At Boston’s Logan International, airport parking is a problem. Laws prevent building more parking facilities. To discourage overflow at existing lots, parking fees were raised sky high. Still, the demand is there and something had to be done about it.
“Logan has tried various ways to curb parking demand and wean passengers from driving to the airport,” said David Mackey of Massport, the state agency that operates the airport, reports MSNBC.
In March, transport officials tried raising airport parking fees to an all-time high of $27 per day while cutting fees to $7 a day at suburban lots that provide direct bus service to the airport. That had little effect.
Building more parking is not an option; the airport is barred from building new parking garages by environmental laws. Still, annual passenger traffic has risen 15.1 million in 1980 to 28.9 million last year and something had to be done.In a three-month pilot program that starts Wednesday, Boston Logan will become the first major airport in the United States to offer free transportation to and from downtown. It is an effort to cut cars both on the road and in parking lots at the fourth-busiest passenger hub in the Northeast.
“We don’t know of any other place where you can travel for free on the transit system coming from the airport to downtown,” said Virginia Miller, a spokeswoman for the American Public Transportation Association.
During the pilot program, the city will waive the $2 fare on the Massachusetts Bay Transportation Authority’s Silver Line buses that take passengers from the airport to South Station in central Boston.
That’s good news for everyone really; compared with private vehicles, public transportation produces on average 95 percent less carbon monoxide per passenger mile.
Want to make airport parking easier? Develop an app for it. JFK Airport‘s parking facility, SmartPark JFK, today announced the launch of their iPhone app for placing parking reservations. An update to the existing app, launched in 2009, now allows customers to not only make their parking reservation but also to earn free days with a Frequent Parking Program.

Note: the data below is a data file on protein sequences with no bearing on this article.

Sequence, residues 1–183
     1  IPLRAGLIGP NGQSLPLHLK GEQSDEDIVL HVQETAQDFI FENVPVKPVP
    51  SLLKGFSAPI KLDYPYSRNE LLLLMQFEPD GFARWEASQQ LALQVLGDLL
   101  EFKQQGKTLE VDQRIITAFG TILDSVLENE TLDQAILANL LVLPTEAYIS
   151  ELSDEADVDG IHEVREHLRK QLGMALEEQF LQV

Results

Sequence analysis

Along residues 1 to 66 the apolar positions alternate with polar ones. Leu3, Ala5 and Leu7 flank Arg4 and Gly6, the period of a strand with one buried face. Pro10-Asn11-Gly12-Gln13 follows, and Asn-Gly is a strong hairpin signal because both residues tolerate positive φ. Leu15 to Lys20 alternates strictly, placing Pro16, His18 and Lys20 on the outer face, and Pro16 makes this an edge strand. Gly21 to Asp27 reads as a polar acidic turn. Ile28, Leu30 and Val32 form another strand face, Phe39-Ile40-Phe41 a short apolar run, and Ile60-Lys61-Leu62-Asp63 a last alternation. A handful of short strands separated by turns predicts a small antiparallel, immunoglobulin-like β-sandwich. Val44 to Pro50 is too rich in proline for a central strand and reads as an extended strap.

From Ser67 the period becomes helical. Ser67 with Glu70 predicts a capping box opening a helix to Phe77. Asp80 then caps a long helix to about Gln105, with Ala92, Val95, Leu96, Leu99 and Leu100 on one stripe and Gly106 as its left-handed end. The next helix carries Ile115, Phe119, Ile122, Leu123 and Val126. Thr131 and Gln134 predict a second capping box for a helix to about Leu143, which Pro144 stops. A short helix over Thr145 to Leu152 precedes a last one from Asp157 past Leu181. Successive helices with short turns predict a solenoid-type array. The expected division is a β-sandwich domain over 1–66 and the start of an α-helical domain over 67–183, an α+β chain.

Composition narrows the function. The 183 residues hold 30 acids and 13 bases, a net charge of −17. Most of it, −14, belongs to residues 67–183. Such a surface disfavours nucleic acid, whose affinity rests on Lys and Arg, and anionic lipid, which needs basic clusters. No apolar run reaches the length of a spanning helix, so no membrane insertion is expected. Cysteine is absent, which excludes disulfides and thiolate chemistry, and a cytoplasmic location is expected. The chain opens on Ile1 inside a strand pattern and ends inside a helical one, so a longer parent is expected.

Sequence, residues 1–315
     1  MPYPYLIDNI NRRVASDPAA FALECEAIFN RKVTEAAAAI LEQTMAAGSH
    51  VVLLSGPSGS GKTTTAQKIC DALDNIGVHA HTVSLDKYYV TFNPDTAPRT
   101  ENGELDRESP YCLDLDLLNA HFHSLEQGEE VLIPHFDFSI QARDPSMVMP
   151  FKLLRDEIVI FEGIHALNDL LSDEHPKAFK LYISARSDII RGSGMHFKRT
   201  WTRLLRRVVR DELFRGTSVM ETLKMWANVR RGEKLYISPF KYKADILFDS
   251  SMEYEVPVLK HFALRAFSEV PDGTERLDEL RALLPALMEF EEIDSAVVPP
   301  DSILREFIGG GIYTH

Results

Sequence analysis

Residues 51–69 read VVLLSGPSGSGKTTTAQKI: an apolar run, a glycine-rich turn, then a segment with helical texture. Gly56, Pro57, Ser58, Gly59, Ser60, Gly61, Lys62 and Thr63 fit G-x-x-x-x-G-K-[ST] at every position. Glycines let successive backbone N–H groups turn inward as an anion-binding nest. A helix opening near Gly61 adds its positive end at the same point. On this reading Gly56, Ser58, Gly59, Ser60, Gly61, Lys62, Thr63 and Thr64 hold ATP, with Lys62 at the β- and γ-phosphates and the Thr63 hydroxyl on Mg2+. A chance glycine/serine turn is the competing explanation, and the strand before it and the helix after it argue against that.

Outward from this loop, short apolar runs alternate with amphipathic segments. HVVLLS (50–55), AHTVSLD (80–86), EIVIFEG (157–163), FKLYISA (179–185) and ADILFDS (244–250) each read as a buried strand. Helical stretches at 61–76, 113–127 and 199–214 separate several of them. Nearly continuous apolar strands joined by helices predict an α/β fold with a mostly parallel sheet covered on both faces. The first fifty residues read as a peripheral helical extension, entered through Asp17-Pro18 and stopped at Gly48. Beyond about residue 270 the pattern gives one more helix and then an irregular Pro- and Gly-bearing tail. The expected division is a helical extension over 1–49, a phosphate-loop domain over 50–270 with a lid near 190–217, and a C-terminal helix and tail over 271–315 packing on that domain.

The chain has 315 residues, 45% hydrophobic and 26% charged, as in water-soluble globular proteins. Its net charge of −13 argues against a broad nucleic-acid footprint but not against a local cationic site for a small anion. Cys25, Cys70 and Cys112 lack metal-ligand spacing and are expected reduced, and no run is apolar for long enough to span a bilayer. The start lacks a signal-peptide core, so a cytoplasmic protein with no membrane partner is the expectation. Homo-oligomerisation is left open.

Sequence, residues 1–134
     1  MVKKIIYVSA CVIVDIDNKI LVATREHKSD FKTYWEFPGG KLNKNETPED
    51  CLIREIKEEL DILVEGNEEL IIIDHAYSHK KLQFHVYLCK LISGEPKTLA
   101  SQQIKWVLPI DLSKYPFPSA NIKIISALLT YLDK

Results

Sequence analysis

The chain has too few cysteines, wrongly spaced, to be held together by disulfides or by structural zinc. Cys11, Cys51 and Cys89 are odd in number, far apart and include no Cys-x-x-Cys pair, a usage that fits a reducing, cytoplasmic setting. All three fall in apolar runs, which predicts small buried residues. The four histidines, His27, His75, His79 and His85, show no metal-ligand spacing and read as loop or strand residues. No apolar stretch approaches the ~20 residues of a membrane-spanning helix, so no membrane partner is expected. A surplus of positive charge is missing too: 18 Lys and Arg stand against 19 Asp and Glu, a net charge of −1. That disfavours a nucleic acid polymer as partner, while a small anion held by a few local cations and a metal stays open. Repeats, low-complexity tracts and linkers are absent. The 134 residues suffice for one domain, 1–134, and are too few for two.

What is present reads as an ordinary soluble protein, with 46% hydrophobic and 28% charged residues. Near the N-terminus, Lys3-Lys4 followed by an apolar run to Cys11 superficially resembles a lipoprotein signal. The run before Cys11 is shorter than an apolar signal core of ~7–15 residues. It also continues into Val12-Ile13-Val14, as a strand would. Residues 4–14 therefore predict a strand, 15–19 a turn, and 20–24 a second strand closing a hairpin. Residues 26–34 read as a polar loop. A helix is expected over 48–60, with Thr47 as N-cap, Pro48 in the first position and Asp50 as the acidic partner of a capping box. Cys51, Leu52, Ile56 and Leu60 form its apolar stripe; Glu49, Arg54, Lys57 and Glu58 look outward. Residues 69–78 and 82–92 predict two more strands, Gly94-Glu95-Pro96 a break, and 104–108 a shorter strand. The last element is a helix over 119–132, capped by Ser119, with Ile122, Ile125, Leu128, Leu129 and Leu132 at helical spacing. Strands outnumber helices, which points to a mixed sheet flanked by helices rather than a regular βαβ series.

Also available online, the app is available on iPhone, iPad, and Android devices.
[Flickr image via Kriston Lewis]
For the past decade, Australians have griped about the escalating cost of short-term airport parking. Accusations of monopoly pricing were leveled, and a year ago, the government got involved, having the Australian Competition and Consumer Commission (ACCC) keep an eye on parking lot fees at the country’s five largest airports. The results are amazing.
Airports pull in 11 percent of their revenue from parking. In Melbourne, it’s a whopping 21 percent, while Sydney‘s airport pulls in a more modest 7 percent of its financial take from the parking lots. Since no government agency is willing to put its head on the chopping block the ACCC would only say that this is “consistent with airports having a monopoly position.”
Of course, there are perks to paying. People parking at the Melbourne airport were the most satisfied customers, with those frequenting Sydney’s lots at the bottom.
But, convenience always wins.
The Sydney airport is only 10 kilometers (a little more than 6 miles) from the city, and only 13 percent of passengers use the airport’s parking lots. Melbourne’s airport is more than twice as far away, making airport parking more sensible.
Finding the cheapest place to park at the airport is far more difficult than finding a cheap flight.
Most airport websites list nearby parking lots, but rarely list all of them. Nor do they usually include the price. So, how do you find the cheapest and closest one?
Try checking out AirportParkingReservations.com. This website lets you plug in a date range and then search for available parking spaces and lots at a variety of airports in America. You can then sort the results by price or parking type (self, valet, covered). The site also includes a handy map to see exactly where the lots are, as well as a write-up detailing the type of transportation the lot provides to the airport.
For those of you worried about pulling up to a parking lot only to find that it is full, AirportParkingReservations, as evident by their name, also lets people reserve a spot in advance — for a $5 service fee, of course.